Ipswich: Maritime Ipswich and beer festival take over town’s Waterfront

Ipswich Beer Festival starts today

Ipswich Beer Festival starts today - Credit: Archant

Raise a glass in honour of naval hero Rear Admiral Sir Philip Bowes Vere Broke of Broke Hall at Nacton at this year’s Ipswich Beer Festival, part of Maritime Ipswich.

ASTOS Tall Ships will be visiting town as part of this weekend's Maritime Ipswich

ASTOS Tall Ships will be visiting town as part of this weekend's Maritime Ipswich - Credit: Archant

“Our logo this year was in part inspired by the 200th anniversary of the defeat of the USS Chesapeake by the British frigate HMS Shannon on June 1, 1813, commanded by Sir Philip,” says Nigel Smith of the Ipswich and East Suffolk branch of CAMRA (Campaign for Real Ale), which organises the festival.

“This small victory against the Americans a long time ago has been largely forgotten with time, but at the time it sparked much national celebrations with a resurgence of national esteem soon afterwards. A display of artefacts associated with Sir Philip can be found on the Waterfront.

“The logo also seeks to commemorate the unfortunate passing of so many local pubs in recent years including the former Three Jolly Sailors in Ipswich which has been demolished since last year’s festival.

“Other local pubs now closed and currently being converted into other uses are the Ipswich Emperor, Golden Key and Little Bealings Admirals Head while the Ipswich John Bull, Uncle Tom’s Cabin, Arboretum, Heathlands, Bentley Case is Altered, Chelmodiston Red Lion, Stonham 10 Bells and Henley Cross Keys are all currently closed. Some of these may not reopen.”

Back at the Waterfront for the third year, it opens at noon on Thursday, August 22, at Orwell Quay, just past the university buildings and runs every day until the bank holiday Monday.

It will feature a wide range of real ales from local brewers and those from all over the British Isles. There will also be traditionally created ciders and perrys from East Anglian producers and many other products sourced from across the width and breadth of the country.

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With around 200 beers and about 80 ciders and perrys to choose from, you should be able to find something you like.

As well as all these real ales and ciders there will be a range of imported beers via a speciality beer bar and some locally brewed traditional lagers from the Calvors brewery at Coddenham.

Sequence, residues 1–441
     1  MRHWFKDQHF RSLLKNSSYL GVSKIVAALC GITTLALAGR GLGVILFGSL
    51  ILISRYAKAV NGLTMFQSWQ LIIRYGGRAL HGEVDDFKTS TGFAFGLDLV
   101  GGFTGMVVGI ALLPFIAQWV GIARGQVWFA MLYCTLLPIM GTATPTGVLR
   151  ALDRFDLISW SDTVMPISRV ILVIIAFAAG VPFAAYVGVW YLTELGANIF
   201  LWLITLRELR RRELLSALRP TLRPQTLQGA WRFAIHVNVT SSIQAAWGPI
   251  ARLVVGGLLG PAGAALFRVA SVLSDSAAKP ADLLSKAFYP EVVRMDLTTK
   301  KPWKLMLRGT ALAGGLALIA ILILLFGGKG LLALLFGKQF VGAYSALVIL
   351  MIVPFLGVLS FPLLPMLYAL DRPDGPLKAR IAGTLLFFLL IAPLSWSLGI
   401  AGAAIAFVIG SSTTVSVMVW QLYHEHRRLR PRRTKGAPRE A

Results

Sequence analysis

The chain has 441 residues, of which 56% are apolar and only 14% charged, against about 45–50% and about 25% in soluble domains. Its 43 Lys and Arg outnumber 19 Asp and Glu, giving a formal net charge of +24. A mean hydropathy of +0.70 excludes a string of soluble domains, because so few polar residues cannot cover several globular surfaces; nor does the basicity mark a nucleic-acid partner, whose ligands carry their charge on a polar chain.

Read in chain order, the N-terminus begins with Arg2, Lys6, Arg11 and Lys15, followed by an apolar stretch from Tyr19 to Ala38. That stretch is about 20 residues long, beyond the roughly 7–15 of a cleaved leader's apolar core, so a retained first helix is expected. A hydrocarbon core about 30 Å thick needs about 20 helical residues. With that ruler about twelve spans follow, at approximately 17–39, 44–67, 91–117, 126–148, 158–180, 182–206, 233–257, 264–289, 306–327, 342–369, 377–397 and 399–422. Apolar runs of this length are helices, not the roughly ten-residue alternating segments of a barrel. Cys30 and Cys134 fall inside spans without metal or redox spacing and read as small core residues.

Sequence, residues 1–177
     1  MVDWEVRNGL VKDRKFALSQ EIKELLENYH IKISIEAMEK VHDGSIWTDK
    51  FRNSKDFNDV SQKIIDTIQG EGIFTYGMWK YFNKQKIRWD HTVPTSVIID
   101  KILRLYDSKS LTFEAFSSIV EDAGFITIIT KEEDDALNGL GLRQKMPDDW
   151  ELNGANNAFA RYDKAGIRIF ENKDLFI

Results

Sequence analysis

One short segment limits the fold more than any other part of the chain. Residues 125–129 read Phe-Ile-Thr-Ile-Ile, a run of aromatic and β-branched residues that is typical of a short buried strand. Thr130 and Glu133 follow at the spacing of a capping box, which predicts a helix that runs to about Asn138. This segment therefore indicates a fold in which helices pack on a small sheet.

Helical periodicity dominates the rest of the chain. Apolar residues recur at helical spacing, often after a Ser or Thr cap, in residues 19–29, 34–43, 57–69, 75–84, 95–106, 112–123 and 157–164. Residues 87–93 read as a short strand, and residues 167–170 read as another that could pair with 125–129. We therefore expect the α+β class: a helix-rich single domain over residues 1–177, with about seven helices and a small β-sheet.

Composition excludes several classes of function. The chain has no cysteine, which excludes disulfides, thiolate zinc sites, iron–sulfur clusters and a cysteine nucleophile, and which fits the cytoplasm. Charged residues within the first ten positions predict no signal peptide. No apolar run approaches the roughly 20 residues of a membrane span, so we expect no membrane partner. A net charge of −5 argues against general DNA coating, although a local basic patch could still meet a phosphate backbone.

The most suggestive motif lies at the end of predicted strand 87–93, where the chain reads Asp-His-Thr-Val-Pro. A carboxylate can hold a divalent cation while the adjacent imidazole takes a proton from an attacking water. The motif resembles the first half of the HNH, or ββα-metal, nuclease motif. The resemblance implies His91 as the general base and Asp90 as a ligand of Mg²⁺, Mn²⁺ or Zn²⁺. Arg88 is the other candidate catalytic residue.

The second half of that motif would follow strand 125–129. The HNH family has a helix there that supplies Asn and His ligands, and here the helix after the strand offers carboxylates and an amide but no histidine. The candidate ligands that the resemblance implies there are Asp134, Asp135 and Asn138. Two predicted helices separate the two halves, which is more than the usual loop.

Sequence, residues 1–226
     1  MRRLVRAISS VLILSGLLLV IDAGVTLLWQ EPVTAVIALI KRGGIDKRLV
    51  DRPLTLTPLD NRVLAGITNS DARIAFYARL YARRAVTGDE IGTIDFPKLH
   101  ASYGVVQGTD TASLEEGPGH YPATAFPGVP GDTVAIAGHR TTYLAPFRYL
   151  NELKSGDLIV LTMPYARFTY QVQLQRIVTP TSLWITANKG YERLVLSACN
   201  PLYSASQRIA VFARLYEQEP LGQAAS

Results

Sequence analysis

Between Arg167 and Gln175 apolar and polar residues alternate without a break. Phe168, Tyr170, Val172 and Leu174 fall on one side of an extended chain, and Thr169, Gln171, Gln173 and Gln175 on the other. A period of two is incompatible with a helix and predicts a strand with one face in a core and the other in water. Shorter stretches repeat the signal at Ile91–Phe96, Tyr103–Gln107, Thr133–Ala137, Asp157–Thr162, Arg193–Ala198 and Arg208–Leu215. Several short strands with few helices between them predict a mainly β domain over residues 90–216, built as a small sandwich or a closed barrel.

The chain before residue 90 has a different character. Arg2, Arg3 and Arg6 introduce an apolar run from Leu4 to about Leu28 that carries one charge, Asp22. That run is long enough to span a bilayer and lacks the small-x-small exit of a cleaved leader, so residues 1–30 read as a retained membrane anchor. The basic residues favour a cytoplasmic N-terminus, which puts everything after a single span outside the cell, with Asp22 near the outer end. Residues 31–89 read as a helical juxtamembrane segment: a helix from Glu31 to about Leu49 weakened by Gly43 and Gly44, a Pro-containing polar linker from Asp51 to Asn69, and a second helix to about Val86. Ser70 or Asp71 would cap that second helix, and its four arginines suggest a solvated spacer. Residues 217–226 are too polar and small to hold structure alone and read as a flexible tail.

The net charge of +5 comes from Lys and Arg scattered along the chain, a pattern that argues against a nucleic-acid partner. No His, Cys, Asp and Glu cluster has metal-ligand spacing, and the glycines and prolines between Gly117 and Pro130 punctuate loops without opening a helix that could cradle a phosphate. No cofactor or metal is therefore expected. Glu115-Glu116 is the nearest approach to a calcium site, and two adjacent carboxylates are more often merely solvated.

A selection of caterers will be offering a wide range of food onsite.

“This year we are also supporting Camille’s Appeal, a Suffolk-based children’s brain tumour charity specifically focused on the support and welfare of children under the age of five. For more information visit www.camillesappeal.co.uk.

“Last year we were blessed with some fantastic weather and without tempting fate too much we hope this year we can once again enjoy a few days of fine weather over the weekend,” adds Nigel.

CAMRA is looking for new volunteers to help organise future events and to help stop further losses of pubs. For more details of membership, which also includes free or discounted admission to many beer festivals and other benefits visit www.ipswichcamra.co.uk or the membership stand during the Ipswich Beer Festival.

Meanwhile, famous tall ships, some of which are up to 100-years-old, will be among the vessels stopping off in town as part of Maritime Ipswich.

The festival takes over the quayside, docks, marina port and Waterfront from August 23-26.

Visitors include the fleet of ASTO (Association of Sail Training Organisations) tall ships. Crewed by young people, some of whom have never been to sea before, the large sailing yachts are taking part in a race to Cowes.

They will be moored close to the university building along the Waterfront over the weekend. There will even be the chance to go on board at certain times.

At 3pm on Monday, August 26, the yachts will head down the Orwell in a parade of sails towards Felixstowe before the race starts the following morning.

The race is being organised by ASTO, a charity devoted to providing adventure and challenge to young people through voyages under sail at sea.

It was the main beneficiary of the will of author Ralph Hammond Innes, who died in 1998 and lived near Ipswich. This year marks the 100th anniversary of his birth and the event has been named The Hammond Innes Race.

“ASTO is delighted Ipswich is hosting the Hammond Innes Sail Training Race,” says the charity’s James Stevens. “This historic port will provide an ideal backdrop to the iconic sailing vessels in the ASTO fleet and a great experience for those on board. It is also fitting that the race should start so close to the home of our benefactor.”

Other maritime activities include street entertainment including the Sea Shantie Singers, Lobster A La Cart, The Mechanical Sailors and much more. For more details of Maritime Ipswich activities visit www.allaboutipswich.com